About two-dozen volunteers scramble in the kitchen, ladling soup out of massive pots, making ham and cheese sandwiches one by one, pouring coffee or lemonade into Styrofoam cups, and meeting face to face, one at a time, with a thousand single casualties of bad times and hard lives.
"People are people, and they're just a little down on their luck," says volunteer David Schull, 52. "These are just people wanting to make a living, wanting to have a life. And everybody that could possibly pitch in to help them out, if they would, things would be a lot better in this area of Detroit."
Crossroads does a little of everything for the poor, because there are so many ways the poor can use help.
They offer counseling, employment assistance, a food pantry, a clothes closet. They let the clients, as they're called here, use their copiers and fax machines to try to find work. Sometimes they'll buy someone their prescription medicine for the month, or help with a late utility bill, or cover overdue rent, or buy someone a bus pass to get them to a new job until they start getting regular paychecks. They'll help people get new IDs, work boots, tool belts, eyeglasses.
So this place becomes the general go-to spot for those who are struggling. Although hundreds of homeless stand in that Sunday morning line, many who come here have simply fallen into poverty but are just one or two factors away from rising above it.
"I would say more than half, if given the opportunity, could make it," Harris says. "If they could get into some kind of job training program, if they could get into some kind of supportive housing program, if they could get support for child care, if they could get their GED, then they could make it."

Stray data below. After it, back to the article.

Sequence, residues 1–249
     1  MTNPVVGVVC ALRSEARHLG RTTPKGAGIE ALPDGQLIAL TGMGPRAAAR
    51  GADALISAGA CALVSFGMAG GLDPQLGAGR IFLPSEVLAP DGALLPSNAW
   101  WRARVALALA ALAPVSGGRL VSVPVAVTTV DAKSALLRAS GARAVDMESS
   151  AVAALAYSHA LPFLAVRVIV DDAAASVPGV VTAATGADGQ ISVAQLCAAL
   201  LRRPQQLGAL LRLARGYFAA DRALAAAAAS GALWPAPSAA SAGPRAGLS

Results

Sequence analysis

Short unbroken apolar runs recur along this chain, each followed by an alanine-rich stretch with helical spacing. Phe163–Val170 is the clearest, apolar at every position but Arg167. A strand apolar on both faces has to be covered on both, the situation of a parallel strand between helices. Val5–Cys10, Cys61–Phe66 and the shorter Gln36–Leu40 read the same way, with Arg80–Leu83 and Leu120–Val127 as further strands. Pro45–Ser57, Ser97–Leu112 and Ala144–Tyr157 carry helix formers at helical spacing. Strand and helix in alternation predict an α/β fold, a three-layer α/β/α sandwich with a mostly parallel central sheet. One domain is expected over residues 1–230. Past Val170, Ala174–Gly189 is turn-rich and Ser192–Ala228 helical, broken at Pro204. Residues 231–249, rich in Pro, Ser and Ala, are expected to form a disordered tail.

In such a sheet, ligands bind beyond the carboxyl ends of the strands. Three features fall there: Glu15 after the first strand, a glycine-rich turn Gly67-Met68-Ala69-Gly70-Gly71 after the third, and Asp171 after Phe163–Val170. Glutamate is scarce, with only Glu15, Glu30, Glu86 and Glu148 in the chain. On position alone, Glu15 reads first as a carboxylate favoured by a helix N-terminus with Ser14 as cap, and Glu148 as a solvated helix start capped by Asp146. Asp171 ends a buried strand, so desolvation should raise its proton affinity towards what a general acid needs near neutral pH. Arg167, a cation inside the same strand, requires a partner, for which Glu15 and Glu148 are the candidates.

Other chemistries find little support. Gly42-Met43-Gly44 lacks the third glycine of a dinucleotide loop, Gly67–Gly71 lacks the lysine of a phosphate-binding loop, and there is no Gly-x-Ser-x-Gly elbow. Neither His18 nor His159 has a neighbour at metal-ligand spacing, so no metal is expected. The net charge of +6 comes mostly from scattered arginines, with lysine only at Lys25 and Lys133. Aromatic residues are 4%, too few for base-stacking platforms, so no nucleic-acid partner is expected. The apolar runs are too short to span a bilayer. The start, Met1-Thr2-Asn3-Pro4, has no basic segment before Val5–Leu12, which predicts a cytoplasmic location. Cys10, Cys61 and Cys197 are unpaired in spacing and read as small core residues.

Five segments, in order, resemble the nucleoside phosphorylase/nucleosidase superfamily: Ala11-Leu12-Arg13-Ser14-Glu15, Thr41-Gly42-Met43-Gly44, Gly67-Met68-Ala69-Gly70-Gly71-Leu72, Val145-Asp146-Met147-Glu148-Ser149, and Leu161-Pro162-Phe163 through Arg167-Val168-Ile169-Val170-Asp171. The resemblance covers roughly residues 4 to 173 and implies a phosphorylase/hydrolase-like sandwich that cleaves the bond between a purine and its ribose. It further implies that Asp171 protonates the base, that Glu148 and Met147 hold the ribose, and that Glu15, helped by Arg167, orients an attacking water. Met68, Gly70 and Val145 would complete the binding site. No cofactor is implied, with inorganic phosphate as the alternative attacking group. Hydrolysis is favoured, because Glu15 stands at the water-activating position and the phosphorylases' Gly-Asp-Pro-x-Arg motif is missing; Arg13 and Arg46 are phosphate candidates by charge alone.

Crossroads was founded in 1971 by Father James McLaren, an Episcopal priest at the Cathedral Church of St. Paul at Woodward and Warren, to offer general outreach to the poor of the area. It began in a small church office, moved to a Midtown building when the demand proved too great, and then to this west side location four years ago when even more space was needed. A small office on Jefferson serves the east side too. Everything's funded through donations.
Back in Midtown, the clients were mostly single men. At this building, there are a lot more families and single mothers from the neighborhood. And nobody who visits here is ever forgotten.
There are reams of paper files upstairs for every single person who's passed through the doors. "We are still real old school," Harris says, showing a 2-inch-thick file. "Clients will have us keep their birth certificates or their Social Security cards, and I think that's a big reason why we haven't gotten away from the paper files, because this is like mom's house for a lot of people. It's like their safe deposit boxes."